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‘Extract and earn’ model for oceans is finished. Blue economy is a historic opportunity

Portugal plans 10GW of marine renewable capacity by 2030 and India has committed to banning single-use plastics. But more commitments are yet required.

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When it comes to the Ocean, the 20th century’s “extract and earn” philosophy is finished. Widespread plastic pollution, depleting resources, acidifying waters and expansive dead zones mean we must forge a new path. The only way forward is circular and sustainable.

But going sustainable does not have to mean foregoing profits or return on investment (ROI). The sustainable blue economy has enormous untapped economic potential.

Already, the world has started taking notice. For example, the United Nations’ Sustainable Blue Economy Investment Forum (SBEIF), hosted by the governments of Portugal and Kenya, saw governments, development banks, and philanthropic and corporate actors convene and commit to investing billions of dollars in everything from blue biotech and sustainable shipping to Marine Protected Areas. They are seizing the opportunity the blue economy presents.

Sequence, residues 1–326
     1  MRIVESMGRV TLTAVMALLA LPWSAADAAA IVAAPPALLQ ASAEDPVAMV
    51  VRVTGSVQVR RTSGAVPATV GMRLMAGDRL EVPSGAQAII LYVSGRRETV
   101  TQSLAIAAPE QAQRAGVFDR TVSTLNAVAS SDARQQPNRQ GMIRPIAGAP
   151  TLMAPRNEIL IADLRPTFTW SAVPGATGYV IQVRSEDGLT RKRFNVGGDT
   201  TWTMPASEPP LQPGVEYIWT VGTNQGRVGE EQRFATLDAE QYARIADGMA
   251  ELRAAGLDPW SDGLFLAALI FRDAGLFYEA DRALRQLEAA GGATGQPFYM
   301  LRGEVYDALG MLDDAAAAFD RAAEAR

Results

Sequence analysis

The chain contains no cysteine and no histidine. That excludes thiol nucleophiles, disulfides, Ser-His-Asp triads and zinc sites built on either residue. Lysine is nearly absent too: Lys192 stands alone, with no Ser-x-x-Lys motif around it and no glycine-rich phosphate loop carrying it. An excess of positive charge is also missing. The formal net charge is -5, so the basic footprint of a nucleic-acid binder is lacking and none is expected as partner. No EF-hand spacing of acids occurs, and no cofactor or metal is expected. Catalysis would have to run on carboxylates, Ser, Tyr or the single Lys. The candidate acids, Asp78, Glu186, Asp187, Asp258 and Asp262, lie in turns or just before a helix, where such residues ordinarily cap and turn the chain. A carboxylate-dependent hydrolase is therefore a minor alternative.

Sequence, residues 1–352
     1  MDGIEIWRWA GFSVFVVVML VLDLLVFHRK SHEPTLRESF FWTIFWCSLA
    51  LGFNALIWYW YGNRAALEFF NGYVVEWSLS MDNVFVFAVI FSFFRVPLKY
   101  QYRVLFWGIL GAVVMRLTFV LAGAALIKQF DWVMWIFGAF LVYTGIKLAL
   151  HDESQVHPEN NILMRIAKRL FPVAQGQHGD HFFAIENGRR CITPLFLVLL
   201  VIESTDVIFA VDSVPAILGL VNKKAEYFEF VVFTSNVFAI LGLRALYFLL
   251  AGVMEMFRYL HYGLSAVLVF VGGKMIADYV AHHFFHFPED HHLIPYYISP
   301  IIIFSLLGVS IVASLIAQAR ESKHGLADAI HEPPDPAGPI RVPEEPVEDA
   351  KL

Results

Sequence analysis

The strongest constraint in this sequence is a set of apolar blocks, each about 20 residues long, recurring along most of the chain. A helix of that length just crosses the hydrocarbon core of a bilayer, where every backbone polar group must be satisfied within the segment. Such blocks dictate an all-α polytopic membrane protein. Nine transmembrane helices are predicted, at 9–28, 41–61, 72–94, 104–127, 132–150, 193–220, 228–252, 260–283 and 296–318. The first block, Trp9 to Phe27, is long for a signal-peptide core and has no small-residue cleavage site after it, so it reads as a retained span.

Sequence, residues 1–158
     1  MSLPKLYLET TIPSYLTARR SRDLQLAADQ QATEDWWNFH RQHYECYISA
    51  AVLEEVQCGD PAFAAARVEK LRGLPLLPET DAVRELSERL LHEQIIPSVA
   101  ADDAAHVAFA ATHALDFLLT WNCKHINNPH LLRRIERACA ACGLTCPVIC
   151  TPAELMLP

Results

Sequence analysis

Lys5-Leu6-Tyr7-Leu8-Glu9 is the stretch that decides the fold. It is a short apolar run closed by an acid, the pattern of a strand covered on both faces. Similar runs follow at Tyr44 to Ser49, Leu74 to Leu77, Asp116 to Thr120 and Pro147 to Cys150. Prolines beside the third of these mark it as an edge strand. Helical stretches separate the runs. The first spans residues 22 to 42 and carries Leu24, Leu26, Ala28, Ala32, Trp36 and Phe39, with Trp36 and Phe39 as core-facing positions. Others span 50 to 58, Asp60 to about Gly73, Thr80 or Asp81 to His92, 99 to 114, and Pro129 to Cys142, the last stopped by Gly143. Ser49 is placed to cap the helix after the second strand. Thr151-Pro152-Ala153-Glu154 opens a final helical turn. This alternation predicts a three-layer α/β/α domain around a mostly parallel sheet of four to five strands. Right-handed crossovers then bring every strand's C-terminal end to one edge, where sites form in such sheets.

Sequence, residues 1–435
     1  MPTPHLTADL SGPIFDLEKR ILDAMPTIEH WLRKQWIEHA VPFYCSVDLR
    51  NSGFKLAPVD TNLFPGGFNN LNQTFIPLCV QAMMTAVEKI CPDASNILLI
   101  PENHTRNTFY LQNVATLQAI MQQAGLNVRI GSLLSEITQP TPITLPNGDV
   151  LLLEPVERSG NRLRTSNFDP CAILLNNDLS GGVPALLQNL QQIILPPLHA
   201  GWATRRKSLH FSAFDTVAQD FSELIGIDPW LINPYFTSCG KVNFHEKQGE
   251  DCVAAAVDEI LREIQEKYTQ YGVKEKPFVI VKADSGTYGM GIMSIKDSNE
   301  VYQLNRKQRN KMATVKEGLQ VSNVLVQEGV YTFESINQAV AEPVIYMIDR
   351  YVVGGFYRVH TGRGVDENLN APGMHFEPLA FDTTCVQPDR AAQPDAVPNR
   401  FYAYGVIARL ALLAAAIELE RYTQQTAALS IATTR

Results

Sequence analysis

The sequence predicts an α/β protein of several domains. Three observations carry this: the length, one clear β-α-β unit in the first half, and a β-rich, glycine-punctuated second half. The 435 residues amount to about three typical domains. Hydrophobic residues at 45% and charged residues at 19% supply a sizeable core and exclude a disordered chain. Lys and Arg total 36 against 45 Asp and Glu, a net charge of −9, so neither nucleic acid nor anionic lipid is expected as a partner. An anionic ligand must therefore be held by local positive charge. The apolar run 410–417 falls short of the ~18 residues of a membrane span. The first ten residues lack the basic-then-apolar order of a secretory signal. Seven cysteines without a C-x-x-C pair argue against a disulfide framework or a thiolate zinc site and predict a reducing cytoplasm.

Also read: How climate change affects economic growth


The opportunity of the blue economy

At the SBEIF, delegates highlighted industries like blue biotech, decarbonization of shippingsustainable aquacultureoffshore renewables, natural tide control — mangroves management — blue carbon sequestration, shrimp production genetics and more for their remarkable economic potential.

To take full advantage of these opportunities, however, more work is required. The President of Kenya, Uhuru Kenyatta, highlighted four key areas of improvement that would allow the world to sustainably reap the rewards:

  • Identify solutions to handle upfront costs of shipping and sustainable port development technology, without compromising quality.
  • Tighten rules, policies and procedures governing the handling of resources, specifically outside national waters — such as excessive fisheries with excessive subsidies.